Hurray! I read a book at an adult speed for the first time in weeks, and this one I thought was bloody brilliant. Unfortunately, though, I’m too pessimistic and insecure in my critical faculties to state with absolute sincerity that I enjoyed this because it’s a great text, rather than just because it happens to chime with my own personal interests. Which it does. In a big way.
Father and Son by Edmund Gosse is the original all-about-my-daddy memoir. Published in 1907, the book focuses on Gosse’s life with his father, going from infancy up to his late teens, where he prematurely escaped the older man’s influence. The younger Gosse grew up to become a poet and critic, and Father and Son inevitably includes a lot of material about his falling in love with literature. These bits are a bit dull for my taste, and in keeping with this, I believe that not one other of Gosse’s many volumes of writing is still in print. What is interesting isn’t Gosse, it is Gosse’s relationship with his father, who comes across as a much more interesting and conflicted individual than his son ever does.
Philip Henry Gosse was a naturalist, botanist and marine biologist, who published many important scientific texts of the mid 19th-century. He was also a devout and extreme Christian who believed in the literal truth of the Bible and was a loud and vocal protester against the (already by 1907) broadly accepted theory of evolution. PH Gosse even went so far as to publish the serious tract on the matter, Omphalos, that (to simplify) originated the “God put the fossils and rocks in the ground to tempt us” theory. Actually, that simplification is unfair* – PHG posited that his god made the Earth look older than it was not as a temptation, not as a trick, but as an aesthetic decision. The man was a big fan of geology and couldn’t correlate the evidence of his scientific knowledge (“this looks like it must be millions of years old”) with his literal interpretation of the Bible (“the world is 6000 years old”), without the wrong idea breaking. The world, he believed, was created as it stands, relatively recently, and no matter how much physical evidence appeared to the contrary, he would not back down because of the words in an old fucking book.
PHG was intelligent and curious – he wrote and illustrated a great many books about sea life, basically invented the aquarium, gave many popular and populist talks about biology, he chatted about murders with his son, he liked poetry, singing, he married twice so probably wasn’t a lustless statue, but what pushed him through life was a growing and overwhelming faith, which jarred against his son’s more modern sensibilities. Edmund wasn’t allowed novels, was expected to worship and pray like an adult from the age of ten, was unable to socialise with children his own age until he was about 15, learnt very little about anything other than religion, geology and biology until he was pubescent, and ended up sneaking into hedgerows to read literature once he started getting pocket money.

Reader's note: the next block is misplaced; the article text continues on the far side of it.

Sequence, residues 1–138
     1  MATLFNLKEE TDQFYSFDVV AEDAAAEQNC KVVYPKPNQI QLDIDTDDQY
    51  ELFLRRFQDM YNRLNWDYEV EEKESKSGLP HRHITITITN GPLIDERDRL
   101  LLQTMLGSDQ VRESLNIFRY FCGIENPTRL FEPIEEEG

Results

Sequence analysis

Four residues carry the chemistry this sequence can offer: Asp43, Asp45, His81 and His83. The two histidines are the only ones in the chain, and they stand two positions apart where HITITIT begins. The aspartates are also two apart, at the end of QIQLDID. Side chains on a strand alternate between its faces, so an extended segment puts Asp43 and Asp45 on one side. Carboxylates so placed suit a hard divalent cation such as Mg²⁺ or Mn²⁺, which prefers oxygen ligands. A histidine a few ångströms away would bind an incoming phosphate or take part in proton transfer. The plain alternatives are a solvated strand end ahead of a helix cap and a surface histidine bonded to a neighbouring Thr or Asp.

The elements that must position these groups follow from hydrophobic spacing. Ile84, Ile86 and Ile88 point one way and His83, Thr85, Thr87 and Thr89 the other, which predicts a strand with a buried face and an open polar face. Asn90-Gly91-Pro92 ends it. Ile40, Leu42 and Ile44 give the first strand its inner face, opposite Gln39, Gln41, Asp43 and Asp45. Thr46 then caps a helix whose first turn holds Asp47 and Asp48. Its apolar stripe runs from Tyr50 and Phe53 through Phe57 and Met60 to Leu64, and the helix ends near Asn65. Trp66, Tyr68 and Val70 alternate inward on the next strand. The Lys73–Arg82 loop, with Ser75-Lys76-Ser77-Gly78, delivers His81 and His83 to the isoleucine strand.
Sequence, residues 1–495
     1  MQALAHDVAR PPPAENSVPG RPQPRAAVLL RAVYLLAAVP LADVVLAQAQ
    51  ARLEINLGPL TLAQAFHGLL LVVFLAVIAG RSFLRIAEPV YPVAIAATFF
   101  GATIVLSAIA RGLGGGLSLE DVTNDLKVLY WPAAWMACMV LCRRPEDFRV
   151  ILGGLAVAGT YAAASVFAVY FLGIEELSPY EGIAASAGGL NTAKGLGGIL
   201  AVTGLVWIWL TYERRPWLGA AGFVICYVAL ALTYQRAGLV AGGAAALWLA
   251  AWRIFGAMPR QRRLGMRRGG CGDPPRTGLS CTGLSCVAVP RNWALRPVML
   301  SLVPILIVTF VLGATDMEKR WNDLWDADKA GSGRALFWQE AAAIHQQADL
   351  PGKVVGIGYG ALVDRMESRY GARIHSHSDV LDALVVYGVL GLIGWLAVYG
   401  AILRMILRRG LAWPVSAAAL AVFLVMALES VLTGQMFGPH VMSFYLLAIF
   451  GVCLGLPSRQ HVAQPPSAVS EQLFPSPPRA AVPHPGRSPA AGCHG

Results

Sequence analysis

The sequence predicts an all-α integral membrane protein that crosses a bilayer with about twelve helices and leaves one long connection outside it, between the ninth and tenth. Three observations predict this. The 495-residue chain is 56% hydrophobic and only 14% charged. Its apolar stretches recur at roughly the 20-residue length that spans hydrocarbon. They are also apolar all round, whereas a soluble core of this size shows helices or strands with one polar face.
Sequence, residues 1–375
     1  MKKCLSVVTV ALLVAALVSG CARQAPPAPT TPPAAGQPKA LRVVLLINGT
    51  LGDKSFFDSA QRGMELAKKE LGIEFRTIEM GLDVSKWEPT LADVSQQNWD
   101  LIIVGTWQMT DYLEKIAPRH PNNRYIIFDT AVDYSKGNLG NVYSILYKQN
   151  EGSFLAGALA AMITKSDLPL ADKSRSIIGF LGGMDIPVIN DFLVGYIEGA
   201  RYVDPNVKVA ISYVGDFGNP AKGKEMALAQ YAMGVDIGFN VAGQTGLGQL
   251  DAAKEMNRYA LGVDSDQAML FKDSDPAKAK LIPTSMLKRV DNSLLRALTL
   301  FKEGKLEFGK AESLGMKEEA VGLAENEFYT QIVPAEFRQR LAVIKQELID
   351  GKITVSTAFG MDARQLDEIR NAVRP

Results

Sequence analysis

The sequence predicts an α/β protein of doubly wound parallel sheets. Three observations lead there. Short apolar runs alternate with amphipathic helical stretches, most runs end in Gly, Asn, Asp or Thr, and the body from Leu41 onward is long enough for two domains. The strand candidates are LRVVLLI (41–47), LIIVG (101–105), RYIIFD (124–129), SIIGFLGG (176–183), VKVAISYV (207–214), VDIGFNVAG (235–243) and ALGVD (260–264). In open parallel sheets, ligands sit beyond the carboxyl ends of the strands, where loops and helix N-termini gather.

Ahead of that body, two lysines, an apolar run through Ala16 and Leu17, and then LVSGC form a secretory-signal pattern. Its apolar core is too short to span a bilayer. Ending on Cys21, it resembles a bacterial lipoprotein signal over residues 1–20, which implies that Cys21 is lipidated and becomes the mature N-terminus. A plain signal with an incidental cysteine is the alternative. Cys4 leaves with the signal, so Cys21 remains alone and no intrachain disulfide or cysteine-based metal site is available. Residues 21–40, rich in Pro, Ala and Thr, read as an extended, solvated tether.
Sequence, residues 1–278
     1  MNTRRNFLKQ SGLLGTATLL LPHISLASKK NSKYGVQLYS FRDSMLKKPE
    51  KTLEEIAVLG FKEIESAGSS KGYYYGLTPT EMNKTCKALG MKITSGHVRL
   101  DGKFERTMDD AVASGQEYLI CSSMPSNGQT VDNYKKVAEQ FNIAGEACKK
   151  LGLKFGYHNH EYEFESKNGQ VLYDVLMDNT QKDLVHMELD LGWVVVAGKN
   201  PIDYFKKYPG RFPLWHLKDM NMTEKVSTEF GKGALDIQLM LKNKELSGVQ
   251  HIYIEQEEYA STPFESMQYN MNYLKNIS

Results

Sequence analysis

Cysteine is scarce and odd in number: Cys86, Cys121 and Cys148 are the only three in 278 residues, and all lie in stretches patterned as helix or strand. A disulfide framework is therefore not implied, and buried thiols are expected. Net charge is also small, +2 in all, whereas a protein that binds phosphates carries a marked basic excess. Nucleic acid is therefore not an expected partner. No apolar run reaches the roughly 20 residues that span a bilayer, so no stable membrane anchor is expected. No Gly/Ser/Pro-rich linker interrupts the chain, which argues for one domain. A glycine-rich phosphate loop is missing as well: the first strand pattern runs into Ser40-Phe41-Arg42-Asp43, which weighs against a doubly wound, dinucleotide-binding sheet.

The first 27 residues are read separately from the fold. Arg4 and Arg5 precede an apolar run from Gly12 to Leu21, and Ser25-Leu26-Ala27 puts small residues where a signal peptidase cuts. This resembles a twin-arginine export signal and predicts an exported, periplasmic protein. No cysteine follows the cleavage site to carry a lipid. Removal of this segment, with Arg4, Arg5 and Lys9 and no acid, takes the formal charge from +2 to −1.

The book is interesting in its examination of extreme religiosity, but what is most unsettling is the tone (not just of Gosse’s lightly purple 1907 prose, but also of the very reactionary 1973 blurb on the back of the book) that presumes this kind and style of belief is alien to the reader. Whereas, now, this is religion – religion, when publicised by people in the modern age, it like PHG’s. It defines every moment of a life and every element within the world. Reading Father and Son as a 21st-century reader who has learnt about Islamic radicalisation and the Creationists of the USA, I thought PHG’s faith felt quite relaxed. He wants his son to be godly because he wants him to be godly – he doesn’t hit him, he doesn’t burn more than one book**, he doesn’t lock him in rooms, and once Gosse leaves home, PHG is disappointed rather than devastated when his son moves away from their religious methodology.
PHG comes across as a tragic figure, his flaw being his religiosity***, which forces him to miss out on appreciating the exciting scientific developments of his age and losing all of his friends. But his tragic flaw could equally be defined as an excessive love of his wife, for it was her deathbed wish that he raise Edmund within their church that (perhaps) led him onwards. Whatever the source of his behaviour, though, it would’ve been horrible being his son,.
Gosse’s prose is light and inviting, he feels honest and he feels fair. Though this is, essentially, a book about how close his dad came to fucking him up, he doesn’t write PHG as a villain: there is respect and there is a tinge of sadness, too – Gosse clearly sees how much happier both he and his father would’ve been if all the god stuff had never happened.
A beautiful memoir, a lovely little book. I’d recommend it to anyone interested in life writing, paternal relationships or attitudes towards religion of the 19th century. I’m going to end, uncharacteristically, with an extract from the book
* As too is the blurb of the 70s Penguin edition I was reading, but I’ll come to this later.
** Though it was Marlowe, which hurt.
*** Exactly like John the Baptist in the novel that I’ve pretty much finished working on. Wanna publish it? Anyone?